The thing about the constitutional crisis is that there was none.
The feds made it up in order to get their way.
And when it came down to it . . . when the proverbial push came to the proverbial shove . . . well, you can pretty much figure what happened.
Really, this is a story of a temper tantrum.
Here's the background (earlier story here).
Jason Pleau is in prison in Rhode Island serving 18 years as a consequence of a bank robbery in which he shot and killed a wholly innocent guy named David M. Main. The feds want to try him for the death penalty, but they have to get their hands on him, first, and the State of Rhode Island and Providence Plantations doesn't want to give him up because they don't believe in the death penalty by gosh and by golly.
The feds could have got hold of Pleau easily by going to court and filing for a writ of habeas corpus ad testificandum, but they didn't. Instead, they decided to get him through something called the Interstate Agreement on Detainers. But the IAD lets the state that's holding someone refuse to turn him over. Which the Ocean State did (refuse, that is). So the feds filed for a writ, but the law says that once you start down the IAD path, that's your only road.
Except they're the feds, and like I said, they threw a temper tantrum and declared a constitutional crisis.
Little Rhodie wouldn't do what we wanted. Waaaa! And he has to, because we said so. Waaaa! This is the Civil War all over again. Waaaa!
- Federal District Court: Stop. I can't stand it. You win. Rhode Island, they're bigger than you and bullies so you must do as they say. Obeying the law is no excuse.
- First Circuit Court of Appeals panel: Oh my stars. We can't have temper tantrums. This is a country founded on the Rule of Law, not the Law of Rule. The feds made their bed. Now, let them lie it.
- First Circuit Court of Appeals en banc: We adhere to the language of the law always except that it doesn't let the feds win, so the language of the law doesn't count. After all, if Little Rhodie won't turn Jason Pleau over to be tried and then executed, why the republic might collapse. Just because it has the law on its side doesn't mean it has the law on its side.
OK, nobody actually put it like that, but that's what it was.
And of course it wasn't that neat. Both in panel and en banc, the First Circuit was split with majority and dissenting opinions. Both times both sides accused the others of misreading and misapplying decisions from the Supreme Court. In fact, and as a matter of Law, Rhode Island should win. But we know how much that's worth.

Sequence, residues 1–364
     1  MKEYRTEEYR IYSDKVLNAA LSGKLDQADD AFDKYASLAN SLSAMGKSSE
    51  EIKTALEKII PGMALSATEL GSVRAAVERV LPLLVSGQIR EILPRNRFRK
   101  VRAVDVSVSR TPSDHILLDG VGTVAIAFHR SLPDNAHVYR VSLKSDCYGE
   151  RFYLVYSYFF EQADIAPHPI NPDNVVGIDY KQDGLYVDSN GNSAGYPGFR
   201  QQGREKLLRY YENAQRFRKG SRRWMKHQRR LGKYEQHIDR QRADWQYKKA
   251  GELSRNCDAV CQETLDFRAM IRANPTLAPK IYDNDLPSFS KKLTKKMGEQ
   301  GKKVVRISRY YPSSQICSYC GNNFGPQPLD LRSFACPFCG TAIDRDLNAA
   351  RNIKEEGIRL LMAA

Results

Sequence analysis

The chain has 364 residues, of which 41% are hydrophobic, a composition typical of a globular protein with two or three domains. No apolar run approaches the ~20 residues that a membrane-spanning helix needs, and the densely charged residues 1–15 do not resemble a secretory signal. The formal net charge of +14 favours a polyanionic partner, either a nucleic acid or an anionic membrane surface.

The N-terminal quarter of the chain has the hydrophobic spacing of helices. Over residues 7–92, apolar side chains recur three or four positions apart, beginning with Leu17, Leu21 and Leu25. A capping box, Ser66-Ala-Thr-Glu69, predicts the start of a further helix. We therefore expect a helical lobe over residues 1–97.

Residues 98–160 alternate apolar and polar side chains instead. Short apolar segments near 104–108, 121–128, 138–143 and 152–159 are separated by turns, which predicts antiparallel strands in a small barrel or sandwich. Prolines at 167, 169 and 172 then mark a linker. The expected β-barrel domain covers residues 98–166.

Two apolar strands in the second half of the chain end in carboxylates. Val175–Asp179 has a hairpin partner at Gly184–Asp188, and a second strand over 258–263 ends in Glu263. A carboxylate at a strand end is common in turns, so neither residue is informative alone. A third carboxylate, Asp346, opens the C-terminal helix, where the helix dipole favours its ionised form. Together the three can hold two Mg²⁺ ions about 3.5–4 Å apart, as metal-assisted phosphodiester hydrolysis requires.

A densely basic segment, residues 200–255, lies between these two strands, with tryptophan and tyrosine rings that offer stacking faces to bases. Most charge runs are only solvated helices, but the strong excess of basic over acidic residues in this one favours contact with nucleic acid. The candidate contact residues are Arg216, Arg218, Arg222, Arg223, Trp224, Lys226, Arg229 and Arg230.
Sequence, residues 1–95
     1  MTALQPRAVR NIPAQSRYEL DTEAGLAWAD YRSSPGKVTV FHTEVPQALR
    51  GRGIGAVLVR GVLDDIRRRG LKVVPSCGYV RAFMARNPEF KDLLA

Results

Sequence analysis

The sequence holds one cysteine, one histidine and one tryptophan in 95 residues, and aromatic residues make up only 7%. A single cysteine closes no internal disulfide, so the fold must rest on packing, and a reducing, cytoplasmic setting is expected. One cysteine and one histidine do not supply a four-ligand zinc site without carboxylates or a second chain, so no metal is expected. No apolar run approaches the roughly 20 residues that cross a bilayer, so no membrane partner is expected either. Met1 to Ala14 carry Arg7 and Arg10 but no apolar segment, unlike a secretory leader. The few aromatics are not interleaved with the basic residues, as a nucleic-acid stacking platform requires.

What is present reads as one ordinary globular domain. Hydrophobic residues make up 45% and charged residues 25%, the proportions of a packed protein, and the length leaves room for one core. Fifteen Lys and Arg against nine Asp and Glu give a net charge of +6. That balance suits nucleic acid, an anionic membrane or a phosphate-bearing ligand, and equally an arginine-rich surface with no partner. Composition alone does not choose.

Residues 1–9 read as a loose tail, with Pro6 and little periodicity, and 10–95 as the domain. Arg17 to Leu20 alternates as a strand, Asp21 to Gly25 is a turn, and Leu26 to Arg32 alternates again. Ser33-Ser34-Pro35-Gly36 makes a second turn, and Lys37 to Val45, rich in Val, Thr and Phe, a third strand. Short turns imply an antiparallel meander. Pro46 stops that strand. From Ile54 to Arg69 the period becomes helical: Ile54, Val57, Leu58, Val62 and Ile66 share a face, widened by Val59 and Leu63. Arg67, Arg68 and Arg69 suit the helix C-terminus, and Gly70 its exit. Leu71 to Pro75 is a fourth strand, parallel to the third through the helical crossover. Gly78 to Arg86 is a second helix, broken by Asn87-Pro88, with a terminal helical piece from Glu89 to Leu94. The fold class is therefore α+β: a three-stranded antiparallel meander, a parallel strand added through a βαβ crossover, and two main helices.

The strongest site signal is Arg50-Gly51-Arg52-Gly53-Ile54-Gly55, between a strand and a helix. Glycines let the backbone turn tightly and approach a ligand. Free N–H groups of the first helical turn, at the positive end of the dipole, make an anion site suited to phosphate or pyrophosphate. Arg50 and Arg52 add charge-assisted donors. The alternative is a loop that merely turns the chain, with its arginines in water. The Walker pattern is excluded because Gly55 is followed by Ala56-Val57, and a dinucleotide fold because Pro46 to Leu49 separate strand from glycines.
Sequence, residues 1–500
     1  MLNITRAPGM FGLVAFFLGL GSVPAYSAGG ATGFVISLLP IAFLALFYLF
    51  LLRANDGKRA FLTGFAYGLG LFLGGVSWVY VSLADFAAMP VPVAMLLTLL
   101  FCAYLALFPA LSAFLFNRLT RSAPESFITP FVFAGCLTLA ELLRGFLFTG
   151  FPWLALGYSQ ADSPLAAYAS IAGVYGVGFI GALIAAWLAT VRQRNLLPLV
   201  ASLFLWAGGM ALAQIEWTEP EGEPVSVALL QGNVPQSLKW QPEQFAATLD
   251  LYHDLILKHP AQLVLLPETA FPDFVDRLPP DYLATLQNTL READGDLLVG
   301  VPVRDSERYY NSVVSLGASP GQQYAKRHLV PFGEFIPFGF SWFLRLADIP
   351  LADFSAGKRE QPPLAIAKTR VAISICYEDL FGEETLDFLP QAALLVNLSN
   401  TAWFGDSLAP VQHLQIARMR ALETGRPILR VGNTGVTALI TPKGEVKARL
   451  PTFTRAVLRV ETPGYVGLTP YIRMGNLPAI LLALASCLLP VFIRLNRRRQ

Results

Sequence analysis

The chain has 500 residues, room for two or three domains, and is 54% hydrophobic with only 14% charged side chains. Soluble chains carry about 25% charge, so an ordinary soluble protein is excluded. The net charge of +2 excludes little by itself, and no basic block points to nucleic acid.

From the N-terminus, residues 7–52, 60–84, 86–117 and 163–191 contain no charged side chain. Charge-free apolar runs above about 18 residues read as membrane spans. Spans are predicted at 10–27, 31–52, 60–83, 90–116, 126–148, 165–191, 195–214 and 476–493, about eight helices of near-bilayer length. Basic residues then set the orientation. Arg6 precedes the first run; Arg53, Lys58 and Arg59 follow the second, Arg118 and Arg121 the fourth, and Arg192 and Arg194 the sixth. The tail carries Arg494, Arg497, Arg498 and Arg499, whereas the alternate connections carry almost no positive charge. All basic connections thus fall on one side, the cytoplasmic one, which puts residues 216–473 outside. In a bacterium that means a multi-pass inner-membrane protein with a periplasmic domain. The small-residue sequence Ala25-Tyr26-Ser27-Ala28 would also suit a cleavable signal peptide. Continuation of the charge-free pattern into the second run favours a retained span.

It's a fair bet that Rhode Island will be asking the Supreme Court to resolve this mess. It's a fair bet, too, that as Doug Berman put it,
the Justices may be disinclined to get into this notable fight.
Yeah. But it'd be kind of interesting if they would.
- Federal government says procedural technicalities don't matter.
- Federal government says language of statute doesn't matter.
- Federal government says we're the big guys and states have to do whatever we say.
- Rhode Island says, State's Rights and Federalism.
But let's go back, for a moment. If the feds had in the first instance done what they usually do, getting a writ, there'd be no case here. None of this would have happened.
Instead, they chose a different route. They chose to use the IAD. And then they said there's a constitutional crisis because Rhode Island is acting in accordance with the particular statute they elected chose to use.
There is, of course, an underlying issue. The feds don't just want to prosecute Jason Pleau. They don't just want to see him in prison forever (he offered to plead to that). No, they want to kill him. Oh, they haven't yet formally made that decision because there are a bunch of steps they have to take first, and some of them require that they first have him in custody. But that's their goal. And Rhode Island (actually, Governor Chaffee) doesn't want them to do that.
Frankly Chaffee's was always something of a quixotic stand. And we know how those mostly turn out.